What’s not to like, right? But the company has a very dark side; it will not rest until every member of the human race has a Circle account. Even more disturbing, it will not rest until its concept of ‘transparency’ is adopted by all. What does transparency mean? No secrets, no private life — everything you do (and this includes sex) will be public. Cameras are everywhere, watching our every move. The company is fond of saying, ‘nothing is deleted’ and everything is on the cloud.
By achieving total transparency, the company elders believe, no one will ever commit a crime again because we can all see what each of us is doing. Children are implanted with chips so no one can kidnap and abuse them. Everything is monitored, everything is tracked to an absurd degree.
Eggers of course takes this all to an extreme but the scariest aspect of the book is that it does not seem all that far-fetched. After reading it, I began pulling back on information I previously had online and lying about other information. If they’re going to watch us, giving out bad information might be our best bet.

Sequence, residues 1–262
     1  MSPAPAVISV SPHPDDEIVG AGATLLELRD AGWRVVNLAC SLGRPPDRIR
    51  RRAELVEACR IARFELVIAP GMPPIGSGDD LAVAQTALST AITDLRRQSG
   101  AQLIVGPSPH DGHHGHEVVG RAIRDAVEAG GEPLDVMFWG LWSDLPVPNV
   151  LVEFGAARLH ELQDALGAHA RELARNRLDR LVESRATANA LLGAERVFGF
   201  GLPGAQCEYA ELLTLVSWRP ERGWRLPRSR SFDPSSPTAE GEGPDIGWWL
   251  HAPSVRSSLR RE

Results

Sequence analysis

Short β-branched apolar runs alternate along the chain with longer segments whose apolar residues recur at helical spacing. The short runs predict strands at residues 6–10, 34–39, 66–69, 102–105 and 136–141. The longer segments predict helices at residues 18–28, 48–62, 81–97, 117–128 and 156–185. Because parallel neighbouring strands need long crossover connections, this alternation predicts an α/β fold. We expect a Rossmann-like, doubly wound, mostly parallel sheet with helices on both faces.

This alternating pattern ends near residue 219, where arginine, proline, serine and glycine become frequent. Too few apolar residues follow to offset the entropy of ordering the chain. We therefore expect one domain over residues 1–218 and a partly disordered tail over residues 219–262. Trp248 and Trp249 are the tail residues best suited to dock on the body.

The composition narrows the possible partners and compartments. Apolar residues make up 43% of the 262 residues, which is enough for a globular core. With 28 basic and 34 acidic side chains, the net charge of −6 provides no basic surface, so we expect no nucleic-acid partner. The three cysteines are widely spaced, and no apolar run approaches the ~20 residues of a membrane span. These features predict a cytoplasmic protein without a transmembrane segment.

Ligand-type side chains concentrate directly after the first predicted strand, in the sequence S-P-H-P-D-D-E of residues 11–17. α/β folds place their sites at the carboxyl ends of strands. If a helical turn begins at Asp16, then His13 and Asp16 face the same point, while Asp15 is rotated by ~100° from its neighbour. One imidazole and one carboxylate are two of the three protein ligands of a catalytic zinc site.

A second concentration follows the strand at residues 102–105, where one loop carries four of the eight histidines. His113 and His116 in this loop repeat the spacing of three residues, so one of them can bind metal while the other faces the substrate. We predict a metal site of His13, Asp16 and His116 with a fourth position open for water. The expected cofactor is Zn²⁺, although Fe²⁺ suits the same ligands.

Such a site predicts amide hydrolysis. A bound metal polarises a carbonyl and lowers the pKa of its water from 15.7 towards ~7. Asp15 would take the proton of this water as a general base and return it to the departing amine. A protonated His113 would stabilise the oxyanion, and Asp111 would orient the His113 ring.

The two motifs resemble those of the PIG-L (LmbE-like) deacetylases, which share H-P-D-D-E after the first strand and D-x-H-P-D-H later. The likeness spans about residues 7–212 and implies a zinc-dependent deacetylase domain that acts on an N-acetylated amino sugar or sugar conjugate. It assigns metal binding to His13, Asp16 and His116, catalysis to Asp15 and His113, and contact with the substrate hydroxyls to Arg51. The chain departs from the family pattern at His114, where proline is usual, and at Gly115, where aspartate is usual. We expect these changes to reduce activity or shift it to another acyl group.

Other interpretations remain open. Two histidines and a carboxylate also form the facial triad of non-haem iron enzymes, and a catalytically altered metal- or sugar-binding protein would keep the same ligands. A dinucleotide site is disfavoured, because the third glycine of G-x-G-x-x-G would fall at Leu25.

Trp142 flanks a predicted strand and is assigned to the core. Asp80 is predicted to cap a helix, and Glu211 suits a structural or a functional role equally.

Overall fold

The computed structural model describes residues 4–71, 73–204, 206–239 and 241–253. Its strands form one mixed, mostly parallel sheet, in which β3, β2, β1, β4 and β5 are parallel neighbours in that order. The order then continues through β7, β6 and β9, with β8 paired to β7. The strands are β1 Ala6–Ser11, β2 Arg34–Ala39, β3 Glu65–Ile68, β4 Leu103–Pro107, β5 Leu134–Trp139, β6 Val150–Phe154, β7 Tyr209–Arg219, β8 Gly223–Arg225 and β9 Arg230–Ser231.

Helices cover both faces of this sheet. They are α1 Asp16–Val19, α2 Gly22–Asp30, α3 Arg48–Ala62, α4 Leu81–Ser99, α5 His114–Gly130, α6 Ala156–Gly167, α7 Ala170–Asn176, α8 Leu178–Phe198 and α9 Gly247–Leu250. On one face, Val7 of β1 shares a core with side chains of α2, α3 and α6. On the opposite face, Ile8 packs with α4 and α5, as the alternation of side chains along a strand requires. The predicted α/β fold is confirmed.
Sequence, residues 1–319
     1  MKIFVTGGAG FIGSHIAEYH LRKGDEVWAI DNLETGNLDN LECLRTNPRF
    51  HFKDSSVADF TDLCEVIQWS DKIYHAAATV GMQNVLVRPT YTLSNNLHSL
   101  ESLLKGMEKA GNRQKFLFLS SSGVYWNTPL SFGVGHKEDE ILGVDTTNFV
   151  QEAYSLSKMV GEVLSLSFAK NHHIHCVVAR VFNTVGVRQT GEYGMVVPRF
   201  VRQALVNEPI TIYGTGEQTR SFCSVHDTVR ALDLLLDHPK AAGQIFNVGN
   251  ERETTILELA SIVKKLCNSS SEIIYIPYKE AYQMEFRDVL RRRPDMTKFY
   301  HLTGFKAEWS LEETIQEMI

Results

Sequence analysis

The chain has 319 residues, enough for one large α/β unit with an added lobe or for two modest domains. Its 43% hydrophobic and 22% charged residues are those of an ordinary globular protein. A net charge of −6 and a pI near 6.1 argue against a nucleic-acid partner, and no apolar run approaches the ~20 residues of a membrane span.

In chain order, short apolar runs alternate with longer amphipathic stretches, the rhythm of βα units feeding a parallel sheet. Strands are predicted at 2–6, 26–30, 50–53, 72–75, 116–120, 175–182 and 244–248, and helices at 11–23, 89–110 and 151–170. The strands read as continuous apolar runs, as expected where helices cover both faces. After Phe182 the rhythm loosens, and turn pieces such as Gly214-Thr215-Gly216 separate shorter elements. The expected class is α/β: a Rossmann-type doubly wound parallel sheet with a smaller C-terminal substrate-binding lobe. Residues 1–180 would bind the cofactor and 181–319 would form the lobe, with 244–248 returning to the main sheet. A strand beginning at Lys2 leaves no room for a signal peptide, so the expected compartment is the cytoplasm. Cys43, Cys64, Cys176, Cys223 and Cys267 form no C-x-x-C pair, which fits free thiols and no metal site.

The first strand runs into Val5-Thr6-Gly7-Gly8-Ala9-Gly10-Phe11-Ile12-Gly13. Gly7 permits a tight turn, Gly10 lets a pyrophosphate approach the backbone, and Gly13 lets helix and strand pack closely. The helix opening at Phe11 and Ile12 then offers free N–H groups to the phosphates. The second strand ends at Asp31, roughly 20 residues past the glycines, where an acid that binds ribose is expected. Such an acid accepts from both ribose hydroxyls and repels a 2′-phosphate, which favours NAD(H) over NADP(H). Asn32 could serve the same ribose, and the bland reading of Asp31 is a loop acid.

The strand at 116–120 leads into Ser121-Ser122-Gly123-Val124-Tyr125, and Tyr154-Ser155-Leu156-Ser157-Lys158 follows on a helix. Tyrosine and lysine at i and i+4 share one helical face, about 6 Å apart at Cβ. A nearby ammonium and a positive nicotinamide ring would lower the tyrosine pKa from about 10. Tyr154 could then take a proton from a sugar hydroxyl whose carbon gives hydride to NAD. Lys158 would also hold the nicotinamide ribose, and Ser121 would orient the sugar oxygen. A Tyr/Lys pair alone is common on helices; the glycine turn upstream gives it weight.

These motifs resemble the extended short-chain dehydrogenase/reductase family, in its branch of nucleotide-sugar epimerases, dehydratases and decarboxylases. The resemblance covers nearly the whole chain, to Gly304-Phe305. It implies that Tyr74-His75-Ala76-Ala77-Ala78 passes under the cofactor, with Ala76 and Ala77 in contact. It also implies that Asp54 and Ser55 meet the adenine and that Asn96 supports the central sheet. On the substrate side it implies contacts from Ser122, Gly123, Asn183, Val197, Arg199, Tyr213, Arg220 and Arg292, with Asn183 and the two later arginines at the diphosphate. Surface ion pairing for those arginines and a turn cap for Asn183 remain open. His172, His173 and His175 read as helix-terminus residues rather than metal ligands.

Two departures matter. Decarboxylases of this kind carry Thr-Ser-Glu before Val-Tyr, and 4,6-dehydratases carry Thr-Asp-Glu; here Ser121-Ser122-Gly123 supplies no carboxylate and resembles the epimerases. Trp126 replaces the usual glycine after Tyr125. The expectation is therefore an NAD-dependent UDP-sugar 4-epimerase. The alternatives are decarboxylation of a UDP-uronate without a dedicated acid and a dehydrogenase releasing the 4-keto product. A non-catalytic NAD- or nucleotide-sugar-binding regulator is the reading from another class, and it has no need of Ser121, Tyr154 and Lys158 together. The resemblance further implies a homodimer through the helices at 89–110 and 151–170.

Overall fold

I found this book to be a page-turner and harrowing. If the future looks like this, count me out.
October 28, 2013
(New York Magazine)
I’ve never been a big fan of Bill de Blasio, even though he is a Democrat, lives a couple of blocks from me and has that Italian-American last name. His message about the Tale of Two Cities does not resonate with me the way it does with — apparently — a lot of New Yorkers. But that was before I had a (one-sided) conversation last week with an out and out Manhattan elitist.
It was at a birthday party for a friend of mine at Carmine’s restaurant on the Upper West Side, just a few blocks from where Mr. Elitist lived. Toward the end of the night, this guy began provoking everyone at the table with his views which might be laughable if they were not so sincere.
Among other things, he ranted with gusto about:
– Only the upper middle class and the super rich should live in Manhattan. Low-income groups need not apply; that’s what the four other boroughs are for.
– There should be no rent control or stabilization.